Use the desktop version of eBay to create and maintain listings

Smartphones have enabled the average internet user to do almost all their browsing and online shopping from the palm of their hand. New eBay sellers, however, should consider using only the desktop version of eBay when listing items.

While the eBay mobile app is useful for monitoring listing and general selling activity, it is more limited when it comes to listing creation. As well as offering a better choice of shipping and payment options, the desktop version also allows for more customization of the description text and listing itself.

One of the other key differences is the ability to create listing templates on the desktop version. These can be a substantial time saver, even for smaller eBay sellers.

Learn the ‘red flags’ for the most common scams on eBay

It is an unavoidable fact that new sellers are at higher risk to be targeted by scammers. The best way to combat this is to learn the most common scams as well as the ‘red flags’ that usually foreshadow them.

As many as one in ten eBay transactions are estimated to involve a scam attempt. Some classic eBay scams involve buyers:

A red flag is a warning of danger. In this case, red flags warn of potentially fraudulent or deceptive buyer behavior with the eventual purpose to scam the seller. Some examples of ‘red flag’ buyer behavior on eBay include:

  • Requesting to pay outside eBay
  • Offering more than the listed price
  • Asking to ship to a different address

Knowledge and constant vigilance are key aspects to avoiding common scams on eBay. Besides this, new sellers can also lessen their risk by starting their business with low value items.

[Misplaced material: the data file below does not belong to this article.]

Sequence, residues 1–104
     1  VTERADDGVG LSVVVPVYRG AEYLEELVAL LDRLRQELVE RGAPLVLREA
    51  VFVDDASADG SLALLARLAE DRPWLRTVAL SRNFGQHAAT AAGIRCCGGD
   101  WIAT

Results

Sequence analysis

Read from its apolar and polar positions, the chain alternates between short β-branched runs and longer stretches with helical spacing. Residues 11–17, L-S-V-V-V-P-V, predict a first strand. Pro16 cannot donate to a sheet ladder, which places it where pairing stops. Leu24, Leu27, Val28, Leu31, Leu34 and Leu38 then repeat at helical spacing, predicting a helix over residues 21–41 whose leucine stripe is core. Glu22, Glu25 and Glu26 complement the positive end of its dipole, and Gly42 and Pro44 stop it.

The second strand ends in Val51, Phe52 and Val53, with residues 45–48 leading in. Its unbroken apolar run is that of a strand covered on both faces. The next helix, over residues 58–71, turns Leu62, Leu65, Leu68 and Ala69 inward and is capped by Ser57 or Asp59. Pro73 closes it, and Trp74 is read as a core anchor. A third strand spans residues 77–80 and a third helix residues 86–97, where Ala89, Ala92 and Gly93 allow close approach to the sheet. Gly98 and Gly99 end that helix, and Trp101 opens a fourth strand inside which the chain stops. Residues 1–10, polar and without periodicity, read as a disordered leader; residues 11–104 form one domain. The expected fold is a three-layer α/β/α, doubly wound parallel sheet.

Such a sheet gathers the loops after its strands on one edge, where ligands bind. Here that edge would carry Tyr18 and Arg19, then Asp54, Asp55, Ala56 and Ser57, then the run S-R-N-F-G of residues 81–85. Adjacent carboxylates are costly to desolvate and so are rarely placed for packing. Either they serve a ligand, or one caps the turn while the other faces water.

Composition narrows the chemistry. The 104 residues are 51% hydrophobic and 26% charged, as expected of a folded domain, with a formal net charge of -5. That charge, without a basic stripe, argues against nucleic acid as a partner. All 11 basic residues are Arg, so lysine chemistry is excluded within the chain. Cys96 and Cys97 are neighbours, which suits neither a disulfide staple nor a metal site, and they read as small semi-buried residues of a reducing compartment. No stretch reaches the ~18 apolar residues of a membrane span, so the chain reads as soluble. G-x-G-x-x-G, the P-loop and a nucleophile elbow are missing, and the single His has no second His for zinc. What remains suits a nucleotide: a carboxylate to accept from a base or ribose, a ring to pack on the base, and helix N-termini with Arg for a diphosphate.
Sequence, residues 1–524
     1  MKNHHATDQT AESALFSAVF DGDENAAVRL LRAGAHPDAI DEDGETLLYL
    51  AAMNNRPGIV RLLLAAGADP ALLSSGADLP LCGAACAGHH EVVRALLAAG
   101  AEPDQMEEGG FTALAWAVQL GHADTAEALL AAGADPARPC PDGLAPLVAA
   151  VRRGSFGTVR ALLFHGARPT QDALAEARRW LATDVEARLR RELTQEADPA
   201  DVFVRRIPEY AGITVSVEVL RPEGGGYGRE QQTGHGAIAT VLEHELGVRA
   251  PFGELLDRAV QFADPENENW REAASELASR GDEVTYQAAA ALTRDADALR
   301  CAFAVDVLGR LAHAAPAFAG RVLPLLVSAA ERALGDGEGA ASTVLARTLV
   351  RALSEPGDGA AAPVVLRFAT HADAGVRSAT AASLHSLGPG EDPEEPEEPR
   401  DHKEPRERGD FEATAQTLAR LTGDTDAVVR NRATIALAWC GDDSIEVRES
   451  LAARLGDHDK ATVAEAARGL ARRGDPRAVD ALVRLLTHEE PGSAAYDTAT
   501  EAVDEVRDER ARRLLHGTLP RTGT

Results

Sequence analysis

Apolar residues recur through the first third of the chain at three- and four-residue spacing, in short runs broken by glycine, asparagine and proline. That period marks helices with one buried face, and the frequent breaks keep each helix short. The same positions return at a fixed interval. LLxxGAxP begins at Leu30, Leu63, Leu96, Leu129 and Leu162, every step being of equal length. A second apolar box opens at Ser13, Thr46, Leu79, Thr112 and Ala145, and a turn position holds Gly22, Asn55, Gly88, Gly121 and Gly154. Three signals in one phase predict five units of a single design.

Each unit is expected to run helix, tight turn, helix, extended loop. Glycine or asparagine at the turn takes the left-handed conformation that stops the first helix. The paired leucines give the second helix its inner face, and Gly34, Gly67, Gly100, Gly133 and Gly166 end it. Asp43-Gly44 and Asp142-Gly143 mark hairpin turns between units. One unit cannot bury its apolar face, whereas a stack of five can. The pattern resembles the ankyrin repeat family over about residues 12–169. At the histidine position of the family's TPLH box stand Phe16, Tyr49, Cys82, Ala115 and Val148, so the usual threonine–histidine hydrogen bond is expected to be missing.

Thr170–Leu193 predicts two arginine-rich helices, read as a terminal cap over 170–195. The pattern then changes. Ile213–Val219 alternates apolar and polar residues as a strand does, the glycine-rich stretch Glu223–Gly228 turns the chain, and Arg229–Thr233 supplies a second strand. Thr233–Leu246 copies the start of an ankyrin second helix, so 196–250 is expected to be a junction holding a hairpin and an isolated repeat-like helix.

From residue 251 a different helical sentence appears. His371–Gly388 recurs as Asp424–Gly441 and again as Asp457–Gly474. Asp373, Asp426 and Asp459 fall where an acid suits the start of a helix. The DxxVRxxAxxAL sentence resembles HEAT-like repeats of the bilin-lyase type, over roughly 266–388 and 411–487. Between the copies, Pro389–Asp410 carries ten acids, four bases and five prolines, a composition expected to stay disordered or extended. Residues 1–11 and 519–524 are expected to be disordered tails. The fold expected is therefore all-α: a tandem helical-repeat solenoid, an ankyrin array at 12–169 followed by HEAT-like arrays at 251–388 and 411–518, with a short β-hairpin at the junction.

Electronics, in particular, should be avoided as this category is one of the most frequented by fraudulent buyers. If selling high value items is necessary, it is a good idea to prioritize purchasing shipping insurance.

Be prepared for selling limitations

eBay demands high standards from sellers using their marketplace. After all, buyers who have a negative experience are less likely to purchase more items on the site. Fewer sales mean less profit for eBay. To preempt this, eBay puts selling limitations on new users.

Selling limitations can be seen in a few different forms on eBay. New sellers usually have a maximum listing limit across the marketplace. In addition, category limits may also be imposed. Selling limits such as these are reviewed on a monthly basis and adjusted based on sales volume and buyer feedback.

Novice sellers may also a temporary suspension for verification purposes. In this instance, it is necessary to contact eBay support and provide security information.

Veteran sellers, do you have any tips and advice to share for newcomers? Do you agree with the suggestions above?

Gemma
Gemma
Gemma is our all things eBay expert. Originally from the UK, she now lives in Canada and travels extensively. You can read about her travels at her blog Off Track Travel.